How Video Live Streaming Fits into PR & Marketing

Live events are captivating, engaging, and attract large audiences. Sports, theater and music have demonstrated the power of “live” for centuries. TV broadcasters have capitalized on the excitement of live events for decades. With the development of live online video streaming, businesses can now easily and inexpensively create and broadcast live events.

Major brands have begun employing live steaming for PR and marketing. Through Twitter’s Periscope and the new Facebook Live, companies can stream live events to viewers, much like live television.

While Twitter introduced its app last year and has since supplanted Meerkat, a similar app, Facebook first offered live streaming to a limited number of users last year and only recently began providing it to all users.

“We’re entering this new golden age of videos online,” Facebook CEO Mark Zuckerberg told Buzzfeed News. “I wouldn’t be surprised if you fast-forward five years and most of the content that people see on Facebook and are sharing on a day-to-day basis is video.”

Brands that Use Live Streaming

Southwest Airlines recently streamed its operation control center during a snowstorm to show it was working hard to keep its aircraft moving. Over 100,000 viewers watched the video, vastly surpassing the company’s expectations, according to the Financial Times.

BMW showed its new M2 coupe on Periscope and Target streamed a Lilly Plitzer fashion event in New York. Target also sponsored a live commercial featuring a performance by pop star Gwen Stefani, and used Periscope, Facebook Live and Snapchat to show real-time behind-the-scenes footage.

“The requirements of marketing have evolved in the last five to seven years, away from paying for slick packaging for messaging to force on the consumer,” Kristi Argyilan, Target’s senior vice-president of marketing, told the Financial Times. Customers “want to engage in dialogue with a brand and for a brand to be really authentic in how we’re presenting ourselves.”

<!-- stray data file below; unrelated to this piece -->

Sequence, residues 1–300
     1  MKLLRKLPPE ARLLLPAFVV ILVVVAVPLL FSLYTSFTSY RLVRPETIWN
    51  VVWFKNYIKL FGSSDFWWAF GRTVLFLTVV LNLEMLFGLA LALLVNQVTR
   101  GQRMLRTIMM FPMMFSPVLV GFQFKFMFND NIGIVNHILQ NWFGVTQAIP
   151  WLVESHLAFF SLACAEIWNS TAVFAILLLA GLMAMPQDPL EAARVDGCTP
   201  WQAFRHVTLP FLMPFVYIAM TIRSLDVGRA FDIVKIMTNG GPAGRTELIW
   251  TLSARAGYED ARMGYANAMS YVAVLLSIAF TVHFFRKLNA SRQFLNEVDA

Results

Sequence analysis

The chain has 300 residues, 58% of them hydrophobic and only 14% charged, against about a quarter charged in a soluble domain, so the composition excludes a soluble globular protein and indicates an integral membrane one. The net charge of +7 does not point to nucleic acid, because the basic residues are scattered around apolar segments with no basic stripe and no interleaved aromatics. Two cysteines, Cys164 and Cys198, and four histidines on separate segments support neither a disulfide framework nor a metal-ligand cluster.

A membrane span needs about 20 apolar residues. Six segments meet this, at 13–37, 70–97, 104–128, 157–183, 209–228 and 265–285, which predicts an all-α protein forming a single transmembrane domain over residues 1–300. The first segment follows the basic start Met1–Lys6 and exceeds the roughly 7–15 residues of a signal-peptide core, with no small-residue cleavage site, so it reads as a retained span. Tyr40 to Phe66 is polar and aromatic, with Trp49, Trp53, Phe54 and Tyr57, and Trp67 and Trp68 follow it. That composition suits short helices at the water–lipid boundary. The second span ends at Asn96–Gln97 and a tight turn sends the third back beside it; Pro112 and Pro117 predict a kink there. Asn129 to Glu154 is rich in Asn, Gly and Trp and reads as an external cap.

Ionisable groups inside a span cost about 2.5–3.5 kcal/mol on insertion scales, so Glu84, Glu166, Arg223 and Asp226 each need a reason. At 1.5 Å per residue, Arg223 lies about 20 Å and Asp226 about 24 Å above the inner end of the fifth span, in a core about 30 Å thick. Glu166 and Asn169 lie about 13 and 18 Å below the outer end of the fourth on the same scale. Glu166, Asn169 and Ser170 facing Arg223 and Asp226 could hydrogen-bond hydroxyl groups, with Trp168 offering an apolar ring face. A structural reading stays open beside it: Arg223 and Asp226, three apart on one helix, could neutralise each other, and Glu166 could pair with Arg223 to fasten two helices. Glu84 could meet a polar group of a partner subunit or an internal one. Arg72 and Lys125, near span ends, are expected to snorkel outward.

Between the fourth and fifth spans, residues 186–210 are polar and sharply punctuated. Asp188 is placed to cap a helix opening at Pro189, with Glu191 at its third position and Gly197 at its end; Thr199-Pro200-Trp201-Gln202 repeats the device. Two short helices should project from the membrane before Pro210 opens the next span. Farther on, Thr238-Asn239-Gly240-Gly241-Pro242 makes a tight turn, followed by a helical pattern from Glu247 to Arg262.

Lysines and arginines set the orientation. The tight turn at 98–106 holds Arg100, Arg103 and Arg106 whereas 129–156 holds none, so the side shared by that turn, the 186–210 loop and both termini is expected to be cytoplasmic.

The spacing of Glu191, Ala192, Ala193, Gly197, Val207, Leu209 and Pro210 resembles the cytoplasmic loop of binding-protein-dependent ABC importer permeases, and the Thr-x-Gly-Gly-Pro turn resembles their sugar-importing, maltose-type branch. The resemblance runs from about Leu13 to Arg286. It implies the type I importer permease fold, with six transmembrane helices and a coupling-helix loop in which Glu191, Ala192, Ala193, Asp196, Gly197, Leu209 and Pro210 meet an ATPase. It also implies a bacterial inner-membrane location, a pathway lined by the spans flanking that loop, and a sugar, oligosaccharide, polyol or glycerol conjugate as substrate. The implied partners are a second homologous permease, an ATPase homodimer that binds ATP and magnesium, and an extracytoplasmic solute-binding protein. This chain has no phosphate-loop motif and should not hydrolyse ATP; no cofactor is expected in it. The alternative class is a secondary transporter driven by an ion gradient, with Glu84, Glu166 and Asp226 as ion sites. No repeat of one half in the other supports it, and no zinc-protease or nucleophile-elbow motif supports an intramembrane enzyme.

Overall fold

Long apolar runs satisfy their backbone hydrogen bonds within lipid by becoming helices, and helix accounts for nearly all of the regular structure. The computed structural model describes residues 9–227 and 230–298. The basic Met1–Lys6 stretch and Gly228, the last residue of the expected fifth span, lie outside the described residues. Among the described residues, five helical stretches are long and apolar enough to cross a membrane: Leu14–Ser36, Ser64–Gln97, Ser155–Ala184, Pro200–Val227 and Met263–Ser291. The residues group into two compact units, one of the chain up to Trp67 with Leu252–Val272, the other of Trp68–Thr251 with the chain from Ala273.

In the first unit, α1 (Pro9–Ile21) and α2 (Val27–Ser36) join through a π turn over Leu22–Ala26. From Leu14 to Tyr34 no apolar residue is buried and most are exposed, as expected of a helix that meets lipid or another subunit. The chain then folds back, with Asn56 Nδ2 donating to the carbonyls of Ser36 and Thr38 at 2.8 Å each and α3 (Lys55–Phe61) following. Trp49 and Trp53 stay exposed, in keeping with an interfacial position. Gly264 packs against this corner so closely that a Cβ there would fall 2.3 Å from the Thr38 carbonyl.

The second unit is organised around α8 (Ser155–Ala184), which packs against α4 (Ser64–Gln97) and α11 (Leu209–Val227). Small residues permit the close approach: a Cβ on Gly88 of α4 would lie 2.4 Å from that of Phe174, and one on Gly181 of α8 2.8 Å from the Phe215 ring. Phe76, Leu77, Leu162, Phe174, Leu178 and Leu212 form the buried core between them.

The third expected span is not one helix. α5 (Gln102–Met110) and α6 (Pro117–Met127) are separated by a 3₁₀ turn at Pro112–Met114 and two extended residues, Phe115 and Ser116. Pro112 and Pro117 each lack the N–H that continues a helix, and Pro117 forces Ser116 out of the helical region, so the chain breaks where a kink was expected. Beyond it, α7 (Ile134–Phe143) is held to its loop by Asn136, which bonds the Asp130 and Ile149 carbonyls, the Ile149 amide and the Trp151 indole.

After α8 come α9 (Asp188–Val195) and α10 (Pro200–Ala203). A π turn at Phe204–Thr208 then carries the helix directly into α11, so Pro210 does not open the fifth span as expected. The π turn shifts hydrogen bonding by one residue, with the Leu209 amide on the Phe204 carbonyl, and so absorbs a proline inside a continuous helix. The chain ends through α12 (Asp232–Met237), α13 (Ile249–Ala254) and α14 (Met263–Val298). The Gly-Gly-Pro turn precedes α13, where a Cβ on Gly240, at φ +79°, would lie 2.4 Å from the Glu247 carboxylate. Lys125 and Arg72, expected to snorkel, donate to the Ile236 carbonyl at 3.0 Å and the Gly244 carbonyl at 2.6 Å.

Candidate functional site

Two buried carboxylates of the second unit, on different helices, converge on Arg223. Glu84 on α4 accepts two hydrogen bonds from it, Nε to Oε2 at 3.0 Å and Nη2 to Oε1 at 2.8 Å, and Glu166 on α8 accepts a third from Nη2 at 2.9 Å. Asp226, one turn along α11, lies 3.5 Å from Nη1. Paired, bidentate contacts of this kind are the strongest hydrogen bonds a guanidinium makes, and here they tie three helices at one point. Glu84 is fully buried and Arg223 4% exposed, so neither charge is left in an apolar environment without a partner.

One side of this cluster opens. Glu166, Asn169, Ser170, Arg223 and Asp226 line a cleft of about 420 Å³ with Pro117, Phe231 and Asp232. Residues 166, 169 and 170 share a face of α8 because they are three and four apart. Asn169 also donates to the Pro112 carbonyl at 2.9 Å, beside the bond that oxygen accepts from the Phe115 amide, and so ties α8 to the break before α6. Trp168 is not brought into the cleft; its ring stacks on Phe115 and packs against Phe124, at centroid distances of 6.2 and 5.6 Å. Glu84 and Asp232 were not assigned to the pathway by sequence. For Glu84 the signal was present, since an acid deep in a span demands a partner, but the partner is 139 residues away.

Potential PR & Marketing Topics

Possible PR and marketing subjects for live streaming include:

Events. Streaming can show company-sponsored concerts and other events to people who cannot attend.

Q&A sessions. Q&A sessions humanize your brand, answer customers’ questions and address current problems.

Behind the scenes views. Tours of a company’s offices or factories often interest viewers.

Celebrity take-overs. Brands sometimes allow a celebrity or social media influencer to run its social accounts to boost interest.

Product launches. Brands can showcase products, do a “live unboxing” or provide a firsthand look at prototypes to build excitement as the release date approaches. “This’ll be an interesting trend to follow, as major brands will likely invest in this strategy to gauge interest and enhance buzz around new releases,” writes digital marketing strategist Samuel Edwards for Entrepreneur

As applications for live streaming technology evolve, early adopters face challenges and risks. Live events are susceptible to mistakes that cannot be edited out. Audience comments can be difficult to control, and marketing benefits are more difficult to measure. For many businesses and not-for-profits, including universities, the risks are worth taking to achieve the goal of attracting, engaging and exciting large audiences.

Bottom Line: As more companies use live streaming, the technology as well as marketing practices will probably continue to evolve. It’s not yet clear if marketers will prefer Facebook, Twitter or another platform. Although it’s uncertain how many consumers will embrace live streaming through social media networks, more organizations will probably try the apps.

Glean.info, formerly CyberAlert, grants permission to republish this article provided that the republished version contains a link to the original article published on the company’s blog.


Originally published at www.cyberalert.com on April 8, 2016.

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